Way to up stability at low speeds?

flipper

Member
My dog likes to trot next to me while I'm on my Pedego. I've got her on a stretchy leash attacked to a chest-type harness, so, no, I am not dragging her around by the collar. My main problem is, she's a small dog and I can't go slow enough without a lot of wobble. I'm generally moving around 3.5 - 4 mph, which she's good with for a while, but we'd be able to go much further if I could hold myself to 2.5 or 3 mph.
so, is there any way to increase stability?
should tires be inflated more or less? what about seat/handle bar heights? anything else?
(if there was any kind of slick, adult-bike training wheels, i'd even try that .... )
 

pxpaulx

Well-Known Member
That looks like about your only option. That is just not enough momentum to otherwise keep the bike upright and going straight, it is basically walking speed.
 

MLB

Well-Known Member
airing your tires down will definitely help. As will going fatter as the rim size allows. Finally, the trainers. (jmo) Be in your lowest gear! Spinning lightly and easily so not much input in energy or significant power strokes (leg pushes) that are disrupting to balance.
Barely moving the pedals is hard to balance, spinning the pedals quickly but very lightly creates cyntrifical force that helps keep the bike upright.
Really good riders can stay upright at stops without putting a foot down. I've never been that good. LOL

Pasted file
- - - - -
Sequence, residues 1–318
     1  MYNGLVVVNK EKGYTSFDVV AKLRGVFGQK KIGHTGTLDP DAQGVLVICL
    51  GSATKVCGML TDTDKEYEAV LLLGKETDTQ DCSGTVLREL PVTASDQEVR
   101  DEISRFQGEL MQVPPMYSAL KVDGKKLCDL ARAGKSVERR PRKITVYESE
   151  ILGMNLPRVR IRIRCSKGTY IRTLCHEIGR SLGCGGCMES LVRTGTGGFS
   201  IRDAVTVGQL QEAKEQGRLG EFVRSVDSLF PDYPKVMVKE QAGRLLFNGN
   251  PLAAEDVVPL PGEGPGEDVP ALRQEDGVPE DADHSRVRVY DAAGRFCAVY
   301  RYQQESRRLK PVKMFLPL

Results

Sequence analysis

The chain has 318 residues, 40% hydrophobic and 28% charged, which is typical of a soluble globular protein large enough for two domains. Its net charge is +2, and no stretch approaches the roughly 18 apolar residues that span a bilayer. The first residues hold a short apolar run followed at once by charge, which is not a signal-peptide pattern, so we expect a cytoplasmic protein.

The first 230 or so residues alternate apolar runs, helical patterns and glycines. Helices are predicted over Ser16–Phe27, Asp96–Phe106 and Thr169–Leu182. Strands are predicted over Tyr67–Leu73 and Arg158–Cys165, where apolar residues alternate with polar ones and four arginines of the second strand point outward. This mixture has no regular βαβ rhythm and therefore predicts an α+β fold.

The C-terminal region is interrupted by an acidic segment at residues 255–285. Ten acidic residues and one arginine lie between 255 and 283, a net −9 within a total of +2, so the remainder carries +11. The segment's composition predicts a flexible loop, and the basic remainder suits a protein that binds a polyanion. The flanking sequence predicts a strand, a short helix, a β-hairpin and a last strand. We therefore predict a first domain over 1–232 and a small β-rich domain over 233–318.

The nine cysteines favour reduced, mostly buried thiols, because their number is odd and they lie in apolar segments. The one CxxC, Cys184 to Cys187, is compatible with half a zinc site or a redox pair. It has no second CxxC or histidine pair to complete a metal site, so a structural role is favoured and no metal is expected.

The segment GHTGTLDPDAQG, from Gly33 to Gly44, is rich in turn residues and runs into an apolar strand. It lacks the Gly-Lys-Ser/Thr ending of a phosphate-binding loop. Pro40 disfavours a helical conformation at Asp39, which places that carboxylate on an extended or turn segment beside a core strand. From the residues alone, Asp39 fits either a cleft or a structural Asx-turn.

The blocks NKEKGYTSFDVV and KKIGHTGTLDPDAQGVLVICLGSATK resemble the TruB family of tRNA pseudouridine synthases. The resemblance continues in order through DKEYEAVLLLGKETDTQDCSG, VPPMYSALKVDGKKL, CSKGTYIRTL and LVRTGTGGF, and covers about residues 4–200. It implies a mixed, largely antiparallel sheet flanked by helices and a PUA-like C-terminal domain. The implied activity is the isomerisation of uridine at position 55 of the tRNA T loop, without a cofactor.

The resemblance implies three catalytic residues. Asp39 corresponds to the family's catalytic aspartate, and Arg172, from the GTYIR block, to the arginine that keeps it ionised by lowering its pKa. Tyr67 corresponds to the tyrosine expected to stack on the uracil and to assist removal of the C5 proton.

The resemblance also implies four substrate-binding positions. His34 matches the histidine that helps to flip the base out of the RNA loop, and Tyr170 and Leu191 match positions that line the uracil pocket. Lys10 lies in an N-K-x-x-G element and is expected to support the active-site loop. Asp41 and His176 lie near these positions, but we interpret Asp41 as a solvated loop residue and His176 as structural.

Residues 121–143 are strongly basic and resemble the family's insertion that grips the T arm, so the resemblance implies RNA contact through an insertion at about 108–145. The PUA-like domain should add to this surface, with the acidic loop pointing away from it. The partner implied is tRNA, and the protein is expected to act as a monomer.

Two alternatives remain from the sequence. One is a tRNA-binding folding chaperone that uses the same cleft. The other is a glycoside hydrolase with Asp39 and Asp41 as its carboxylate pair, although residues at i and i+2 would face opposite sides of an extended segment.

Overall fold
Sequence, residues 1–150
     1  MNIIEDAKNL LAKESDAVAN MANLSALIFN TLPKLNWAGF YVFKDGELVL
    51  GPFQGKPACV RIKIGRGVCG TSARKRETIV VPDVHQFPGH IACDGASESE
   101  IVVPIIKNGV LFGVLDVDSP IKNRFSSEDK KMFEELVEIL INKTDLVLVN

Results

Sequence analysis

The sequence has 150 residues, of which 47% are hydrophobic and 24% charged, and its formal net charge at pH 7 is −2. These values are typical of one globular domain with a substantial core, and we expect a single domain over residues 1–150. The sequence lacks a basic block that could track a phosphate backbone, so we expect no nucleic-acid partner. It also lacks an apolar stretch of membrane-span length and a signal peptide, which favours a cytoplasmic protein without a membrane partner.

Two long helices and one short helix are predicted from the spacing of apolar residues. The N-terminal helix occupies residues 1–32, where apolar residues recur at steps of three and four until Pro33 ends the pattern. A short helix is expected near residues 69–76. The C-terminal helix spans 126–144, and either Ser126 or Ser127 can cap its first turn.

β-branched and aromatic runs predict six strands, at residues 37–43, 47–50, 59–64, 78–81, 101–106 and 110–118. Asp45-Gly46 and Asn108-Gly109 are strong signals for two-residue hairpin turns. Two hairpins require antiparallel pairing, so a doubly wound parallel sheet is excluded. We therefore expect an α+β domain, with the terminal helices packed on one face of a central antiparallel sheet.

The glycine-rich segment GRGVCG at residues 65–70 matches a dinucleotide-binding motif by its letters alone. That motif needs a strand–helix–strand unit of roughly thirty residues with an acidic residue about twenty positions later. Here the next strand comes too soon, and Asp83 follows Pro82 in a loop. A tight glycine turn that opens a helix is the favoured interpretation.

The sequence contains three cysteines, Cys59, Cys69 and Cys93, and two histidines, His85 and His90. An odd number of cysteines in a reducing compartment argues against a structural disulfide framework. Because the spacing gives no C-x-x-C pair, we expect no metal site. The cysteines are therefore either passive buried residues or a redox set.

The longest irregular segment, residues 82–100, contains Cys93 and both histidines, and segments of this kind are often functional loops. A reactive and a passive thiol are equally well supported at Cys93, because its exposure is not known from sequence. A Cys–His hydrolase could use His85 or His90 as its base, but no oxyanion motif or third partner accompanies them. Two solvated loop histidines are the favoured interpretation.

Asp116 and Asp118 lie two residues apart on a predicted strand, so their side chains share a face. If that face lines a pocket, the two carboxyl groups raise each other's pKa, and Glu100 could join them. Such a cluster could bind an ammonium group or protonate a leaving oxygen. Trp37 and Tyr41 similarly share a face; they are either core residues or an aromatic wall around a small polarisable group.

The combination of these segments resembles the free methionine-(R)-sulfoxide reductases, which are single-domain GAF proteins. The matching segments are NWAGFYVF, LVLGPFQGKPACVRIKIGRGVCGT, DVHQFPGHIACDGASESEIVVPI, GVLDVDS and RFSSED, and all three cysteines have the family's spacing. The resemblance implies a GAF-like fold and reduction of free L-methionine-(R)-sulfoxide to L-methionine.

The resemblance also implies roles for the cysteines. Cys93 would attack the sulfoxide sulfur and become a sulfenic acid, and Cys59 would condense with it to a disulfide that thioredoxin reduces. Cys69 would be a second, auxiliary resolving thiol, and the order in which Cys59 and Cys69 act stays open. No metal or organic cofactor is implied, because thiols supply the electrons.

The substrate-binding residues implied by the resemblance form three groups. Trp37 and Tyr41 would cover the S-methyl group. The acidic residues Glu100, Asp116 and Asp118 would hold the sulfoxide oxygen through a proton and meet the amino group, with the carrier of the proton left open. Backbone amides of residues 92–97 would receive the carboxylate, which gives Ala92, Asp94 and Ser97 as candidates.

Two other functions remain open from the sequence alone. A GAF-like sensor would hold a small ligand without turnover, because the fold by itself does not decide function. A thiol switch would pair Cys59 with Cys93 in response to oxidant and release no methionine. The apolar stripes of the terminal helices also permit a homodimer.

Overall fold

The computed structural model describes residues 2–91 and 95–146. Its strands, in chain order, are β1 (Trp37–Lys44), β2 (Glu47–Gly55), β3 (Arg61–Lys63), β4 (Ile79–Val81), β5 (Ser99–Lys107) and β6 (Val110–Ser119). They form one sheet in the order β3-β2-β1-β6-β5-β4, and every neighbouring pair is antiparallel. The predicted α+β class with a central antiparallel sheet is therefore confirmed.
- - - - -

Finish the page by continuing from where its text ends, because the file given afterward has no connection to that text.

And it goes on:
Still, there is plenty of data that supports the idea that balance work is one of the best ways to stay mentally and physically strong as we age.
Consider tuning the tires as much as reasonable and look at it as training time for you as well as workout for him.
What I do is pull a kiddie trailer with my small dog running next to me at faster speeds for shorter durations. When he's had enough he looks at me and we stop and he jumps in the trailer for some recovery/ride time. Usually wants out another time or two and then he's good to just ride. :)
 
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flipper

Member
thanks for the training wheels link. if they folded up out of the way when not in use, i'd actually consider them.

mlb: right now, i can go the slowest by riding side saddle and dragging one foot, but i'm still wobbling all over the place. i'll try letting air out of the tires and riding in the lowest possible gear, an idea i'd never thought of before. thanks!
 

Green Machine

New Member
omg i have tried this so many times.....and have really thought about this.

I think the best way is to ride one handed and trian the dog....but always be able to let go of the leash if the dog lunges at something....

it just takes good training of the dog hopefully form the time he is a puppy....its not easy.
 

flipper

Member
I am using one of these: https://www.amazon.com/Walky-Dog-Exerciser-strength-Paracord/dp/B003OYIAW4 . my dog loves the thing and is able to safely and smartly trot next to me but only if i'm going slow enough, because she is small. most often, i just walk the bike, which is fine, but i tire more quickly than she does, hence my search for a slow-mo way to ride the thing.
interestly, i've found that i can just skip the leash and she'll still trot next to me, untethered, but i'm not comfortable with that unless far from crowds and other people on bikes.
 

MLB

Well-Known Member
If you really want stability ;)
Note WalkyDog mount on right side of frame